The tight coupling concern can be mitigated with wide-area software-defined storage, where the application may opt to prescribe behaviors to application nodes that act on the storage system’s data plane (and in doing so, enforce its own data consistency, durability, access controls, etc. independent of other applications). However, such systems are still in their infancy, and have complex specifications and complex implementations as it is.

The other strategy (and the one I prefer) is an application layer solution. Each application node maintains its own data store that only it can write to, but anyone can read. An application node does a little bit of extra processing to construct a consistent view over the set of other nodes’ data.

In most cases, including this example of choosing your favorite color, this is very simple (which is why I like it). Suppose that an application wants to know what Alice’s latest color preference is. Suppose also that the application records Alice’s favorite color to a well-defined path in a datastore (e.g. /favorites/color). Alice updates her favorite color on her personal datastore. The application nodes in cloud X and cloud Y periodically refresh /favorites/color from each other and from Alice’s datastore, and in the event of conflicting values, they take the value that was written last. Eventually, in the absence of writes, they all see the latest /favorites/color. It is easy to see how more advanced write-conflict-resolution algorithms can be applied as well.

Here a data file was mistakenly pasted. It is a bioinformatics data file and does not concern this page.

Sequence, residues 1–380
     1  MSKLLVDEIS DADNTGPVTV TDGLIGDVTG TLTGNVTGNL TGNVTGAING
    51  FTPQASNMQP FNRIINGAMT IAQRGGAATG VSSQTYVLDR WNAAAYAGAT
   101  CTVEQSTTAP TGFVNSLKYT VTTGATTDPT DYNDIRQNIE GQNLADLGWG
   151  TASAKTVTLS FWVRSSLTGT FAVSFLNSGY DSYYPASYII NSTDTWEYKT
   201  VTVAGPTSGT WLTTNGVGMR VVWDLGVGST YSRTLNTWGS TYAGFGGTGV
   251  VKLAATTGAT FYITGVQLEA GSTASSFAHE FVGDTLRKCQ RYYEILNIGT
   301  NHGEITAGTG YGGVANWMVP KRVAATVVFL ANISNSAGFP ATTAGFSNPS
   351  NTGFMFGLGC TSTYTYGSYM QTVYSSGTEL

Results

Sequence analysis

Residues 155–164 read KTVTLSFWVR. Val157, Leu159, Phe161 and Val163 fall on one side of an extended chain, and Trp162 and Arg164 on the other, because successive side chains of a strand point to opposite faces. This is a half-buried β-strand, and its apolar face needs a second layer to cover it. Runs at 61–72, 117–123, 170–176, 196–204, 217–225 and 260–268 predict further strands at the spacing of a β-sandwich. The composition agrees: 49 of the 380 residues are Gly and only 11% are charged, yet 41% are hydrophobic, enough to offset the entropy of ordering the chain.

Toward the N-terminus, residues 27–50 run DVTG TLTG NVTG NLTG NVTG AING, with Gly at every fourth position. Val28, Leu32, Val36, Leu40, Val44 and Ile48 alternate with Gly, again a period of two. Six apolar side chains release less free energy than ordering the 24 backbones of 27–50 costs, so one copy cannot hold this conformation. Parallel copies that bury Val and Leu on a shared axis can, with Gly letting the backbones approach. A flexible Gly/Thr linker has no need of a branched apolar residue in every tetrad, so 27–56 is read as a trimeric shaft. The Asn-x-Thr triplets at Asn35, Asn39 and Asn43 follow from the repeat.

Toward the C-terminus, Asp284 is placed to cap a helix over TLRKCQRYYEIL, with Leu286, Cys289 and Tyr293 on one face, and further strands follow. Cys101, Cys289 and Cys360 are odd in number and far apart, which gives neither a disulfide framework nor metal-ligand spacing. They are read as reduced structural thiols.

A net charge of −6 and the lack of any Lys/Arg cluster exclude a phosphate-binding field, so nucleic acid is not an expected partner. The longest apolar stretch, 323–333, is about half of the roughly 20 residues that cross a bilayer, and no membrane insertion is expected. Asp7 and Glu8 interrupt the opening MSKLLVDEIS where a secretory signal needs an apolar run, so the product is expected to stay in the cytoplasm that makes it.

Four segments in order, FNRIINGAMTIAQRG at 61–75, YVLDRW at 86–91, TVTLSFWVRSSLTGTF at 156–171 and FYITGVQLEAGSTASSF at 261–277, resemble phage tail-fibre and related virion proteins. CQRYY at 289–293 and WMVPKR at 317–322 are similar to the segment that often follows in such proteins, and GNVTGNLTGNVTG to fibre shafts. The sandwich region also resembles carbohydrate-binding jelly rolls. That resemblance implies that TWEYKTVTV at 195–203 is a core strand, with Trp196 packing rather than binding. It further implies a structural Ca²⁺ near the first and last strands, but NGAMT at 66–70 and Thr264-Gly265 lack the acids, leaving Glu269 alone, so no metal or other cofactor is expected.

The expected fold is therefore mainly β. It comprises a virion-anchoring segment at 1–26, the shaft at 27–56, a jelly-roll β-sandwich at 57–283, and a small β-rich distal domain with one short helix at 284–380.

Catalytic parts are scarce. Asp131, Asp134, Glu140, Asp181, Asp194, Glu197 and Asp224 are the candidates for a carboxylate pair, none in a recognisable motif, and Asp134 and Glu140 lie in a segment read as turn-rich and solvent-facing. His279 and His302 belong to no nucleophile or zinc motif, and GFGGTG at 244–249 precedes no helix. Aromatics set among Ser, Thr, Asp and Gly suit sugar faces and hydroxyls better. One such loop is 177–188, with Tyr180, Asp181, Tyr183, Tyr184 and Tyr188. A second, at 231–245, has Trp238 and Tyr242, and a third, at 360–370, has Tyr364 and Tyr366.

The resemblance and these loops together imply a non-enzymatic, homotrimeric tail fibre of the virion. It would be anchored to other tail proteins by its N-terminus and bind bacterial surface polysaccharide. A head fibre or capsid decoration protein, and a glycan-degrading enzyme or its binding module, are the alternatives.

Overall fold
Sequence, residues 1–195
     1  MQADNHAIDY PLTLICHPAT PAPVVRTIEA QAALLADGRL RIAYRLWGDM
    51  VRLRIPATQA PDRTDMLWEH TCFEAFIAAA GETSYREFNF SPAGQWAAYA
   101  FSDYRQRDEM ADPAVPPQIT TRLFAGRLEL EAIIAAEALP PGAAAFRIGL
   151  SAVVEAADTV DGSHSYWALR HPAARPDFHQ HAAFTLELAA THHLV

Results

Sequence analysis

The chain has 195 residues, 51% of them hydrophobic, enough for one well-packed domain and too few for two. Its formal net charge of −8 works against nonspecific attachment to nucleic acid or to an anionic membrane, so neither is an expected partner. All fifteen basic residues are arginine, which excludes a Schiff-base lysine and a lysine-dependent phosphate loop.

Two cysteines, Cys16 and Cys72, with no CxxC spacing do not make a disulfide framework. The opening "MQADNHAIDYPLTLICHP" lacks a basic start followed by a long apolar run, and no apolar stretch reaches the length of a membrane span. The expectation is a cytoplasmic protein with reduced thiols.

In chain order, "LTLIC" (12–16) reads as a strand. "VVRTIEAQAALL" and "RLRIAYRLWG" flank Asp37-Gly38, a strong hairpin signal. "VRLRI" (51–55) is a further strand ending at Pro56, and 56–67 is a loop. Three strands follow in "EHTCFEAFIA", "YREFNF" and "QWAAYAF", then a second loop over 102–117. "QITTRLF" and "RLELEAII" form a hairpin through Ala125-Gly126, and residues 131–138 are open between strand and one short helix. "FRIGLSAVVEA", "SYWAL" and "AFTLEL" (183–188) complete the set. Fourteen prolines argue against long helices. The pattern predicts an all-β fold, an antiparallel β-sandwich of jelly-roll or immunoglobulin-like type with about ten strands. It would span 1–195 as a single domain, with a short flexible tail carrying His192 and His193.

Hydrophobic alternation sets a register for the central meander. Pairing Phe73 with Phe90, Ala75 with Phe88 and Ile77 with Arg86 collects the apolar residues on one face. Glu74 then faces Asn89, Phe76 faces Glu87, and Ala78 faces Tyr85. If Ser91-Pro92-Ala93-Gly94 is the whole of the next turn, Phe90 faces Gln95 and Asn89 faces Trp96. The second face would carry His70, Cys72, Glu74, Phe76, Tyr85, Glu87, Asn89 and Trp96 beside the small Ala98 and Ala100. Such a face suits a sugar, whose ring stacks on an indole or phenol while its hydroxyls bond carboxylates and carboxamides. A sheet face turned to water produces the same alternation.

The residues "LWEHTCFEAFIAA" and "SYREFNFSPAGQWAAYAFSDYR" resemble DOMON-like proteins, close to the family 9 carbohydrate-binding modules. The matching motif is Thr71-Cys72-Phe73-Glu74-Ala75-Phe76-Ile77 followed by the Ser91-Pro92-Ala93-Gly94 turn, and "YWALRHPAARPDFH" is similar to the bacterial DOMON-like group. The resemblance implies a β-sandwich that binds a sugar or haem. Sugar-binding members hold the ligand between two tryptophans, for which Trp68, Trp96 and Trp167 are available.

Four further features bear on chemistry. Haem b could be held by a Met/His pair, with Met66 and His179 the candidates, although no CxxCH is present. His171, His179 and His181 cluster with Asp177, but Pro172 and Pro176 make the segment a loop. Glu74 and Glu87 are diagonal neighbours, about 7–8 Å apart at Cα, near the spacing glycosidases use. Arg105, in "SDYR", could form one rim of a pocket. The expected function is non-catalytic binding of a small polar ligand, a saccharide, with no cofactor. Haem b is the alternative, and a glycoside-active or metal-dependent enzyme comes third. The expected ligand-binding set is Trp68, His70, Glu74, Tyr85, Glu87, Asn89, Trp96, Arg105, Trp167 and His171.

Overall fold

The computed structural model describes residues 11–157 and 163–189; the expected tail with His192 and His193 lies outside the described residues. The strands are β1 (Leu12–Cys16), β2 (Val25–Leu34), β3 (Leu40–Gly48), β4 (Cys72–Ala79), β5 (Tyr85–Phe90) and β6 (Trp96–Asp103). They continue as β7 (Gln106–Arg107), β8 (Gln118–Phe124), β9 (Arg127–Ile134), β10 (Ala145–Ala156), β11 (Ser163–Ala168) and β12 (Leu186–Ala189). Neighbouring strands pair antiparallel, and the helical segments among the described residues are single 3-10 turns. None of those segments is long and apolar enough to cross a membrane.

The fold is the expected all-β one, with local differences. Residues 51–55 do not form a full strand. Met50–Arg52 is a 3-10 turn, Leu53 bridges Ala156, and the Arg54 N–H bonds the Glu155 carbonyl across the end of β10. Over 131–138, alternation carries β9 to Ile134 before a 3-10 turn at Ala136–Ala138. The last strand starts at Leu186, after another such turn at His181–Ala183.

As an optimization, we can extend the per-node datastore to have a per-record pub/sub interface. This can be achieved simply by giving each node a publicly-routable reliable message queue, and by having the client publish each mutation operation (create, update, delete) to it. Other application nodes can subscribe to this queue to get informed as to when certain mutations happen. In our example, Alice’s datastore client would send a “write” message to her message queue, which cloud X and cloud Y have already subscribed to. Cloud X and cloud Y’s application nodes would each receive the “write” message on /favorites/color, and immediately refresh /favorites/color from Alice’s storage provider. Of course, the message queue would be designed so that messages are end-to-end confidential and authenticated (so Alice could use any queue provider without having to trust it).

Here’s a (badly-drawn) figure that tries to show how Alice, cloud X, and cloud Y work together with their respective storage providers and Alice’s message queue:


Red paths are instigated by Alice; blue paths by cloud X; green paths by cloud Y. Arrows show the flow of bytes. The clouds that hold the data are just commodity cloud storage providers, and the clients (circles) implement a simple one-writer-many-reader filesystem client (i.e. cloud X can use his client to read Alice’s data from her storage provider).